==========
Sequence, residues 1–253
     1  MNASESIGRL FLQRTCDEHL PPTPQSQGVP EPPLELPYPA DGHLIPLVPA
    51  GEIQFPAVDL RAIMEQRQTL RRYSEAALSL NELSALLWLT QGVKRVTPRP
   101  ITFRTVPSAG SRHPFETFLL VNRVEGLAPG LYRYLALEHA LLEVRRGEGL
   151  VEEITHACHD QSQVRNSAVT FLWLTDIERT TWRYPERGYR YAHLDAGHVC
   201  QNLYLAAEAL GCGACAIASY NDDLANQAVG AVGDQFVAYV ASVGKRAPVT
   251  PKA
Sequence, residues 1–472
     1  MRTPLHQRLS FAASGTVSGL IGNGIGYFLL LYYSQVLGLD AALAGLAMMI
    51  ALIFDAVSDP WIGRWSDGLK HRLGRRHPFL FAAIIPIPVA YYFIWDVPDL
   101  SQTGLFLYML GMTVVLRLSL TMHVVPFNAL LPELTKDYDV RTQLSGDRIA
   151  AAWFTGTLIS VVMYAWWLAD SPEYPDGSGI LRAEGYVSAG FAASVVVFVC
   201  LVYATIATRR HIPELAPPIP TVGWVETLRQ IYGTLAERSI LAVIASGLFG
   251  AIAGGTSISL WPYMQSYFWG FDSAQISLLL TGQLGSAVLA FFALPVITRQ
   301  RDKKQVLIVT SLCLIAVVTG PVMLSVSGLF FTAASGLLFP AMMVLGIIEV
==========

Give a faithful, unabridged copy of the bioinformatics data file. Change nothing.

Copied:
Sequence, residues 1–253
     1  MNASESIGRL FLQRTCDEHL PPTPQSQGVP EPPLELPYPA DGHLIPLVPA
    51  GEIQFPAVDL RAIMEQRQTL RRYSEAALSL NELSALLWLT QGVKRVTPRP
   101  ITFRTVPSAG SRHPFETFLL VNRVEGLAPG LYRYLALEHA LLEVRRGEGL
   151  VEEITHACHD QSQVRNSAVT FLWLTDIERT TWRYPERGYR YAHLDAGHVC
   201  QNLYLAAEAL GCGACAIASY NDDLANQAVG AVGDQFVAYV ASVGKRAPVT
   251  PKA
Sequence, residues 1–472
     1  MRTPLHQRLS FAASGTVSGL IGNGIGYFLL LYYSQVLGLD AALAGLAMMI
    51  ALIFDAVSDP WIGRWSDGLK HRLGRRHPFL FAAIIPIPVA YYFIWDVPDL
   101  SQTGLFLYML GMTVVLRLSL TMHVVPFNAL LPELTKDYDV RTQLSGDRIA
   151  AAWFTGTLIS VVMYAWWLAD SPEYPDGSGI LRAEGYVSAG FAASVVVFVC
   201  LVYATIATRR HIPELAPPIP TVGWVETLRQ IYGTLAERSI LAVIASGLFG
   251  AIAGGTSISL WPYMQSYFWG FDSAQISLLL TGQLGSAVLA FFALPVITRQ
   301  RDKKQVLIVT SLCLIAVVTG PVMLSVSGLF FTAASGLLFP AMMVLGIIEV